# How to Paint Like Piet Mondrian with Python

RedXIII | April 14, 2021, 11:11 a.m.

# Programming like an artist.

Piet Mondrian was one of the most influential artists of the 20th century. The Dutch painter, known for his strikingly abstract art, was the founder of the De Stijl movement, a style that favored economy and symbolism.

De Stijl and Mondrian gained international recognition through the German Bauhaus, a school of art that became famous for its principles of design.

Paintings like Broadway Boogie Woogie and Composition C are prime examples of Mondrian’s style. He often used a minimal color palette, and relied on the concept of the grid.

Mondrian was a devoted artist. He’d spend hours in his studio meticulously painting until he developed blisters on his fingers, or made himself sick from exhaustion.

With Python, and a little math, we can generate our own geometric abstract art.

By observing some of the rules present in Mondrian’s work, we can create an infinite number of paintings. No blisters required!

# Drawing Graphics with Python

In order to paint with Python, we need to install a graphics library. We’ll be using PyCairo for this demonstration.

PyCairo is a free graphics library that you can use to draw shapes using Python code. Hopefully, you already have Python 3 installed on your computer.

It’s easiest to install PyCairo from the command line, like so:

`pip install pycairo`

Once the library is installed, we can use it in our Python programs.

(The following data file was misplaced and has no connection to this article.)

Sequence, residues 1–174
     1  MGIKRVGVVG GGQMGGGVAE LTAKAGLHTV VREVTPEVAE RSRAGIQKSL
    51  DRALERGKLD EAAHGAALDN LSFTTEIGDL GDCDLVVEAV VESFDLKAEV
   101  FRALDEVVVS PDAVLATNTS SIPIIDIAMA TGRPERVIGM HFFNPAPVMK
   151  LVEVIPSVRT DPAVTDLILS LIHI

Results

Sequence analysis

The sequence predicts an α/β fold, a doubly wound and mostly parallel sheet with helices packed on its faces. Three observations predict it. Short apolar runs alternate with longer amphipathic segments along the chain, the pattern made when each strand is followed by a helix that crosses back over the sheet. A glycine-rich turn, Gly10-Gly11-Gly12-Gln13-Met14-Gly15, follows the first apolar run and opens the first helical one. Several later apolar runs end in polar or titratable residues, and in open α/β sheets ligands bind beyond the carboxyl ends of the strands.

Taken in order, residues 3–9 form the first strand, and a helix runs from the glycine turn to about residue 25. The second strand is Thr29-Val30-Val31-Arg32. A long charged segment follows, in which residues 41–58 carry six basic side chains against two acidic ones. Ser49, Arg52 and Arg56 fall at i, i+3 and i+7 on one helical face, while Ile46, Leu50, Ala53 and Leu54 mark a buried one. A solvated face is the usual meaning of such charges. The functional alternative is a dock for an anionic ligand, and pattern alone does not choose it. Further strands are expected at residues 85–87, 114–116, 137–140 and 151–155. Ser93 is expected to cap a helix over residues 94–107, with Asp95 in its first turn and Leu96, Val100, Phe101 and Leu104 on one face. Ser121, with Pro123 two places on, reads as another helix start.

# The Rules of Painting

Before we write any code, we’ll need to define some rules for our painting program. We need to break down the Piet Mondrian paintings into fundamental rules.

For starters, Mondrian only uses primary colors like red, yellow, and blue. These are concentrated in squares and rectangles.

Connecting the shapes are straight black lines. These lines extend from the edges of the rectangle shapes, forming their borders.

The background canvas is always white.

With these rules, we can start to imagine the algorithm for generating a Piet Mondrian painting:

2. Draw random lines extending from the edges of the canvas.
3. Fill in some of the white rectangles created by lines with random primary colors.

We can start writing code now that we have something concrete in mind.

# Generating Art

Let’s start with importing PyCario and drawing a white canvas. Use the import keyword to import a library in Python. We always import libraries at the top of the file.

We’ll need to import the random library too. This one comes standard with Python, so there’s no need to install it like we had to do with PyCairo.